Using Google Glass in UX, Usability and Market Research

July 13, 2013 7:32 pm

Using Google Glass in UX, Usability and Market Research



After reading an article about how Google Glass could change the way journalists work, it got me thinking how Glass could help us in the future with market research and usability testing.

What is Google Glass?

It’s like a pair of spectacle frames that lets you take photos, record video & audio, make calls, listen to music without headphones through its bone speakers and use the internet and apps discretely. It wirelessly connects to an android phone, giving you access to a stack of clever things through the tiny screen mounted on the frame that only you, the wearer can see. The wearer uses eye movements/gestures and voice commands to control it. It’s really smart and should be available to everybody late in 2013.

[youtube video_id=”v1uyQZNg2vE” width=”640″ height=”360″ ]

Google Glass and usability testing.

So what could we do with this exciting piece of hardware and a few Glass apps?

Easy interview recording?

It could be a great way to discretely record what’s happening during some usability testing. Glass will video what you’re looking at so it could be a great way to record a research session without lots of tech and obtrusive cameras. The participants maybe aware that you’re wearing a Google Glass but this maybe less invasive than using webcams and further software like Silverback or Morae to record the interviews.

Making notes during research?

Taking notes in any form of research can affect the participant’s behaviour. As you write, the participant becomes aware that what they are doing is of interest and may start to think in detail about why their behaviour is so interesting. Using the eye gestures in Google Glass in a custom app could maybe place bookmarks in a recording. This could simply be a marker on a timeline to note something of interest or maybe markers to help us time task completion.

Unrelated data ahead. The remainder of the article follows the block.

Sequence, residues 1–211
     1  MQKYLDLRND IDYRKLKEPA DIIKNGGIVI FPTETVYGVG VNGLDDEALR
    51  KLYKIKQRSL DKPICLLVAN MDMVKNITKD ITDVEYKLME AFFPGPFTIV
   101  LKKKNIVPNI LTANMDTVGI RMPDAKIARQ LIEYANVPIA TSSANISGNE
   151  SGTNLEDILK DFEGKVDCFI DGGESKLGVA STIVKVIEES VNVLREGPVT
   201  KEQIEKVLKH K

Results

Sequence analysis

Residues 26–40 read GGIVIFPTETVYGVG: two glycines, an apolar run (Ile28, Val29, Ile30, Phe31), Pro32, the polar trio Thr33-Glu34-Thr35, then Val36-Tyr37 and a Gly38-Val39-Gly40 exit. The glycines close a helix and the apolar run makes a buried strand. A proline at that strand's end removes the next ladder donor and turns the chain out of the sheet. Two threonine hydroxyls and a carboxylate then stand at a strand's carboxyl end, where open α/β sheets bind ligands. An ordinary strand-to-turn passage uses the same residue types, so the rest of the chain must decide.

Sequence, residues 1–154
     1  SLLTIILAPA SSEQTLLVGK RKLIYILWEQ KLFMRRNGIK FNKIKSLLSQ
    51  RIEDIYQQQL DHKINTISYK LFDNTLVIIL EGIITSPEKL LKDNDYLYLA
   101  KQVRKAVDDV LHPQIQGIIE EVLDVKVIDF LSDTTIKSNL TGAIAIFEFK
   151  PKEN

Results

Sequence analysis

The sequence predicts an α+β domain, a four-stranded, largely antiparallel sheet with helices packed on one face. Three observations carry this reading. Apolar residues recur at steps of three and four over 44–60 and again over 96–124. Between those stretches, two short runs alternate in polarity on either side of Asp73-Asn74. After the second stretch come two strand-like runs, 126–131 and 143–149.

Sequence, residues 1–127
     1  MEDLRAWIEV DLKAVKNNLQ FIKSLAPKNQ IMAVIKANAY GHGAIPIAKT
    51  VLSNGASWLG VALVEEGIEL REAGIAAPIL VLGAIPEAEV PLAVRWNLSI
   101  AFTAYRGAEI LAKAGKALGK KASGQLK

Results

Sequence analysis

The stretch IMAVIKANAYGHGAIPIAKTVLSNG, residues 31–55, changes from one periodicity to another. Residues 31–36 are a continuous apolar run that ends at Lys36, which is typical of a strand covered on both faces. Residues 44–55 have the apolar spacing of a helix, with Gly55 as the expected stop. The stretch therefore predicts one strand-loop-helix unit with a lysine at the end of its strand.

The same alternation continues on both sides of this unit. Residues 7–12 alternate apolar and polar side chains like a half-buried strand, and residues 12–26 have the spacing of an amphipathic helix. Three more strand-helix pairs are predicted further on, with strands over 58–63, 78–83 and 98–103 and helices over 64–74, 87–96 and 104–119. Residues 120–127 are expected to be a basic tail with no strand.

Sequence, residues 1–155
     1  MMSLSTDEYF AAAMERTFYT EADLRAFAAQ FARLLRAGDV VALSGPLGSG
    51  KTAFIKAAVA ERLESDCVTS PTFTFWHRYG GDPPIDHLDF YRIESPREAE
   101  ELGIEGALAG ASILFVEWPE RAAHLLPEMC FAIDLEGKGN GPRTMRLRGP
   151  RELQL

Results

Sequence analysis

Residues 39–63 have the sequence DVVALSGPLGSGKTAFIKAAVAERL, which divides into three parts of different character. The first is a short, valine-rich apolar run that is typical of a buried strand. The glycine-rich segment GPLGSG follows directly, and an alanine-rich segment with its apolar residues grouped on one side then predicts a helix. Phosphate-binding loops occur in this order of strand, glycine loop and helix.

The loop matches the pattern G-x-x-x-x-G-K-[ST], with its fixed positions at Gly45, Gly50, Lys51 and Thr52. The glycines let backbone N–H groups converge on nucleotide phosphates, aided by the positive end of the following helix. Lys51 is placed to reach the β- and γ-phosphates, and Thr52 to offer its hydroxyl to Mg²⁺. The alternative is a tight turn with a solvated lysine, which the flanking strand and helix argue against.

Keeping an eye on time?

It’s a simple one – but sometimes it can be hard to sneak a look at your watch when interviewing a participant and not all research facilities have a clock in view. A quick glance at Google Glass could let you see the time, or a more advanced research Glass app may use a colour and countdowns to tell you how much time is left in the interview.

Reading a digital research script?

Having the interview script in Google Glass, may allow for a more relaxed environment within in-depths, where the facilitator could leave the printed script behind and just glance up at Glass and engage with the participant in a less formal/scripted manner.

Discretely receive questions and comments from the observation room?

Other members of the team observing the research, could send messages and questions to the facilitator either by audio or as a message to appear on Glass.

Potential problems with Glass for research?

  • Apparently, battery life isn’t great – so we may need a powered version or hotswap batteries or just a big bag of charged up Google Glass’s!
  • They’re not that discrete and I think people will slowly become more aware of Google Glass after launch so they may un-nerve research participants with their sci-fi look.
  • Your eye gestures may put participants off if you’re using it during a face to face interview. A few have stated that eye gestures will become accepted at some point if this type of computer interaction takes off. So maybe we’ll think nothing of talking to somebody as they glance up to read their Glass.

What do you think?

I’m sure there are more ways we can use Google Glass in usability and market research. How else could researchers use it?